Seoul Mulls Larger Dose of Bitcoin Regulations
South Korean regulators are mulling more drastic measures to stem the cryptocurrency frenzy.
Seoul is the second Asian government, after Beijing, that has been proactively curbing the steroid-infused development of virtual currency in its own jurisdiction. After China banned initial coin offerings (ICOs) early September, South Korea soon followed with a similar ban, although it stopped short of outlawing bitcoin exchanges like China did.
Last week, South Korean regulators proposed new measures as the price of bitcoin continued its runaway rally. Measures included barring nonresidents and minors from opening new cryptocurrency trading accounts, banning financial institutions from opening virtual currency accounts for traders, as well as taxing capital gains from trading the encrypted coins, according to media reports.
The right set of regulations will nurture the virtual currency market, South Korea’s busiest exchange Bithumb told Reuters, adding that they welcomed measures that would help legitimize the market.
The proposed measures may be put up for voting in the legislature, but it would take at least half a year before they become law, Huobi Korea CEO Zhao Guofeng told Caixin.
Bitcoin is particularly popular in South Korea. The virtual coin is trading at a 15-25% premium on South Korean exchanges compared with exchanges elsewhere.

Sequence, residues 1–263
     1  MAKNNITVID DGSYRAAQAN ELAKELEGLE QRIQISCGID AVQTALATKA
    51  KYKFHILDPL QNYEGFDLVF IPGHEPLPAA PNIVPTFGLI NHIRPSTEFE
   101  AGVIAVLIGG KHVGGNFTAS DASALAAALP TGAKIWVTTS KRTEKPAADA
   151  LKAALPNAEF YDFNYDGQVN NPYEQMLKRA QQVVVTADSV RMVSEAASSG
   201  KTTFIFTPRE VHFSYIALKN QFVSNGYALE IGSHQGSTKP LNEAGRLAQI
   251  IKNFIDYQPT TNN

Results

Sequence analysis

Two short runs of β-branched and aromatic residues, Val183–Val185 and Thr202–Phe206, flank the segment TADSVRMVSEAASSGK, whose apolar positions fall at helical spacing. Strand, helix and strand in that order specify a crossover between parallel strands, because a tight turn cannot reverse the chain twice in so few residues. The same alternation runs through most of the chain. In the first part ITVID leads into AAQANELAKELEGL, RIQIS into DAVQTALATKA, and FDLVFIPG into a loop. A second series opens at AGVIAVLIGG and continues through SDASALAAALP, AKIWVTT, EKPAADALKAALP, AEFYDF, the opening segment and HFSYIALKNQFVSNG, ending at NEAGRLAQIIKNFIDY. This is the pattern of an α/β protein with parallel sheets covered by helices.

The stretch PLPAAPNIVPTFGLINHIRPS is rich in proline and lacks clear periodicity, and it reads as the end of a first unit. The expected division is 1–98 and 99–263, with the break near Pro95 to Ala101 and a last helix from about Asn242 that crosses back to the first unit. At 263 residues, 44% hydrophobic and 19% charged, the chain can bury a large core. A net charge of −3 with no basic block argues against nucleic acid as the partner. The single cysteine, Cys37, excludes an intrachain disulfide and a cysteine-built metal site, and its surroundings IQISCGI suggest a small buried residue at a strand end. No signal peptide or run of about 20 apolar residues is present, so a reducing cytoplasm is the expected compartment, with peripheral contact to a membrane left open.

Media reports suggest the tighter measures also come on the heels of South Korea’s allegations of North Korean hackers being behind the bitcoin cyberattacks.
Youbit, a South Korean exchange operator, announced Tuesday it was shutting down after being hacked for the second time. Youbit said it lost 17% of its total assets during the latest attack. In April, nearly 4,000 bitcoins were stolen from the platform.
In an attack that began in February, billions of won worth of cryptocurrencies were stolen from accounts on South Korea’s largest exchange, Bithumb. South Korean intelligence recently gave evidence to prosecutors alleging North Korean hackers were behind the attack, which targeted Bithumb employees’ home computers, according to a report by the BBC.
In October, South Korea’s National Police Agency said more than two dozen employees at different cryptocurrency exchanges were targeted in spear-phishing campaigns. Media reports indicate the attacks might be carried out by the North Korean hacking outfit, the Lazarus Group, which infamously stole $81 million from Bangladesh’s central bank last year.
On Friday, South Korea’s blockchain association unveiled self-regulatory measures to protect exchanges from hackers, including requiring 70% of crypto-holdings to be held offline.
The association also stipulated that each individual should only have one exchange account and that only exchanges holding at least 2 billion won ($1.8 million) in equity capital should be allowed to operate. The association plans to impose the rules from Jan. 1, though none of the requirements are legally binding.
Bitcoin trading in Korean won rose to 12% of world trade from less than 1% at the beginning of this year, according to the latest data from Cryptocompare. Trade in U.S. dollars still tops the list at 41%, with Japanese yen following closely at 31%.
Bitcoin prices stood at $19,000 on Tuesday morning in Beijing, after surging to a record high of $20,089 over the weekend, according to data provider CoinMarketCap.
Contact reporter Liu Xiao (firstname.lastname@example.org)
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